Jean-Paul Sartre, Frantz Fanon and anti-colonial struggle
By Shahzada Rahim
Jean-Paul Sartre through his writings had elaborately explained the unbridgeable divide between postcolonial and anti-colonial struggle. But he presented a different nature of post-colonial theory and was extensively concerned with the colonial and third world issues since 1948. He also well-defined colonial violence in his famous work: “The Critique of Dialectical Reason” and became one of the founders of the epistemological revolution. It was Sartre and Algerian-born philosopher Frantz Fanon who put the anti-colonial struggle at the heart of the political agenda as part of their commitment as Marxists. Moreover, they both were influenced by ideas of extreme Bolshevism.
In “Being and Nothingness,” Sartre rejects, Marx’s argument –“consciousness is determined by life, by proposing ‘freedom’ as the central characteristic of being human.” Likewise, Sartre also rewrites Descartes Cogito as –“I am my choice. I am my freedom.”
Sartre said individuals are not fixed but in a constant state of self-transformation and self-reproduction playing an active role within the masses as conscious assortment of individuals, making history. As Marx wrote, “Men make their own history, but not of their own free will, not under the circumstances they themselves have chosen but under the given and inherited circumstances with which they are directly confronted.”
However, Sartre was not agreeing with the Marxian standpoint that individuals are wholly determined by their circumstances, but that “individuals possess responsibilities for themselves.”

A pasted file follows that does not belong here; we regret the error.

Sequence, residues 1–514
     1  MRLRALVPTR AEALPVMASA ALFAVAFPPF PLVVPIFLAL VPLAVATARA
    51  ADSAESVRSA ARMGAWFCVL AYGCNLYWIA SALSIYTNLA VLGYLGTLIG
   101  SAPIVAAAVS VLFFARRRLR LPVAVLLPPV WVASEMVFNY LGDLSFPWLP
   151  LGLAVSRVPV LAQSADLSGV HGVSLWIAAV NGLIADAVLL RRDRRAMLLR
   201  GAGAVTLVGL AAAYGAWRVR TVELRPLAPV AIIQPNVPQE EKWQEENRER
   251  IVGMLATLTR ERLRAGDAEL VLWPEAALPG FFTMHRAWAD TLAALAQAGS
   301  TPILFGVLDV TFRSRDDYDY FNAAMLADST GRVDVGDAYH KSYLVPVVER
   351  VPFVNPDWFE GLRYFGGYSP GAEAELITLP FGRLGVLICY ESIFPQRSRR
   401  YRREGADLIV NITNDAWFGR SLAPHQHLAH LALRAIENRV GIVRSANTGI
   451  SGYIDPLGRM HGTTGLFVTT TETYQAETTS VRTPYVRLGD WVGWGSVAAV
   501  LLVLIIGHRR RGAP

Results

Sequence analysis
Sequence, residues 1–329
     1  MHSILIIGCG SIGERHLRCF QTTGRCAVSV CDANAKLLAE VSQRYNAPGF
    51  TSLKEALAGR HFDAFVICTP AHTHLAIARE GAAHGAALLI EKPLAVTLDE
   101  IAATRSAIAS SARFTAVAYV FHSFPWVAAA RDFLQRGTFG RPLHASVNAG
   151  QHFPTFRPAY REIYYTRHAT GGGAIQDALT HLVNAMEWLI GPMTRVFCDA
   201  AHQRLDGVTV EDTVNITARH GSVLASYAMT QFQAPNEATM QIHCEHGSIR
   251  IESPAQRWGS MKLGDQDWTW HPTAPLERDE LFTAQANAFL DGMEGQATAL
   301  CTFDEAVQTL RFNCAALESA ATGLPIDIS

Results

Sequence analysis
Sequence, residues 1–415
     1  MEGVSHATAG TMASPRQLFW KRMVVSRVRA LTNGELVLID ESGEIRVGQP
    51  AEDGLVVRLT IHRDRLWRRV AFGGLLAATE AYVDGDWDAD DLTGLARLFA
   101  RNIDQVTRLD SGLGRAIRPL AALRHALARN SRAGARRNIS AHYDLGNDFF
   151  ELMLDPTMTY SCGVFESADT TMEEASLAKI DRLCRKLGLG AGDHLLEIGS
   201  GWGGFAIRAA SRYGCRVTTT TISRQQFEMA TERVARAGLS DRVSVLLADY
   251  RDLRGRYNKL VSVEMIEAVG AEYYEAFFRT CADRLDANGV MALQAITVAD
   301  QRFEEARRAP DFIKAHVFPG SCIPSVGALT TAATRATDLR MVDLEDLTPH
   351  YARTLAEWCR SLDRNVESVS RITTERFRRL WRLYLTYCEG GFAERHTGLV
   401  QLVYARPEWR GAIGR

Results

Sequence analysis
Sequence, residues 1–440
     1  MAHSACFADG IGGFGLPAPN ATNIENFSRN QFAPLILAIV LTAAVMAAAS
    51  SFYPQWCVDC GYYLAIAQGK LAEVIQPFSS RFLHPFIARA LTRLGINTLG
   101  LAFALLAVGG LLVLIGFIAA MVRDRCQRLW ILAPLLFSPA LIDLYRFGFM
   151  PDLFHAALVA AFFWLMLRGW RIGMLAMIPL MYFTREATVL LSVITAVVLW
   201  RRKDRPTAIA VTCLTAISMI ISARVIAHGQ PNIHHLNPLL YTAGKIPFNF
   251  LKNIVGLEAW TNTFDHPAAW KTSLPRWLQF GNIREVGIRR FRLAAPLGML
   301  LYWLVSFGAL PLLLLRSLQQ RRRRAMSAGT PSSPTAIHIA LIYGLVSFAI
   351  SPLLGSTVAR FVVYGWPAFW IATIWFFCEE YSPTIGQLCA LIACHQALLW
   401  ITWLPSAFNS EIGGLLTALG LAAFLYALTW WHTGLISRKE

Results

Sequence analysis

Sartre repositioned his philosophy and political views after experiencing the colonial war in Morocco and Algeria when the Muslim towns of Casablanca and Satif were indiscriminately bombed. He was also a strong supporter of Negritude, the conception of African and Caribbean identity, and has critically worked on racism and tried to approach racism through phenomenology, associating racism with the ideology of colonial rule. The famous writer Richard Wright said, “The problem of racism does not lie with negros rather it is the problem with whites.”
But Sartre elucidated racism in the context of anti-Semitism saying it is the Jewish character that provokes anti-Semitism. Basically, the main problem lies in the split between the annihilated and the triumphant, and the colonial legacy of the western European empires had widened this split. Thus, anti-Semitism has not created un-assimilation of Jews. Rather, it is their strange behavior that creates contradiction. Sartre said if the existence precedes essence, then the essence of colonised subjects aspiring to a “white-mask” is one of inauthenticity and bad faith.
On the other hand, Frantz Fanon also staunchly criticised the psychopathology of the Colonial rule, which had given birth to the concepts like inferior subjects or inferiority across the colonial territories. According to Sartre colonial subjects oscillated between the two states, internalising the colonial ideology of inferiority and being less than fully human—until he or she assumes the responsibility and choses authenticity and freedom. Basically, it was Sartre’s Hegelian training that enabled him to recognise that Power is a Dialectical phenomenon that torturer and tortured, racist and victim, coloniser and colonised, and the powerful and the powerless, were all locked in symbiotic relations in which the latter could not escape the consequence of his relations with the former. What Frantz Fanon said “it is the system that has choked him and reduced him to silence”.
Hegel through his dialectics also put forward the concept of “excluded Middle”, which refers to the spectral presence of subaltern, liminal figures who slip between two antithetical categories. With this preposition Sartre argued; the racial hierarchy is the major ideological pivot of Colonial rule. Moreover, the Western discourse of “Humanism” and “Human rights” Sartre argued had worked by excluding a majority of the world’s population from the category of Humanism.